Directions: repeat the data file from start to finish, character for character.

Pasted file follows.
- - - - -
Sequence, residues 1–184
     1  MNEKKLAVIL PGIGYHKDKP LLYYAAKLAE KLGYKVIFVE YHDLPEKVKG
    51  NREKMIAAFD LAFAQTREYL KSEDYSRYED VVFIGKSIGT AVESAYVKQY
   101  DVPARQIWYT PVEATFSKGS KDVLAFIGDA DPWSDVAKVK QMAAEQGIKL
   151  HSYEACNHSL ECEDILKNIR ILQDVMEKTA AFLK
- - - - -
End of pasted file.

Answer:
Sequence, residues 1–184
     1  MNEKKLAVIL PGIGYHKDKP LLYYAAKLAE KLGYKVIFVE YHDLPEKVKG
    51  NREKMIAAFD LAFAQTREYL KSEDYSRYED VVFIGKSIGT AVESAYVKQY
   101  DVPARQIWYT PVEATFSKGS KDVLAFIGDA DPWSDVAKVK QMAAEQGIKL
   151  HSYEACNHSL ECEDILKNIR ILQDVMEKTA AFLK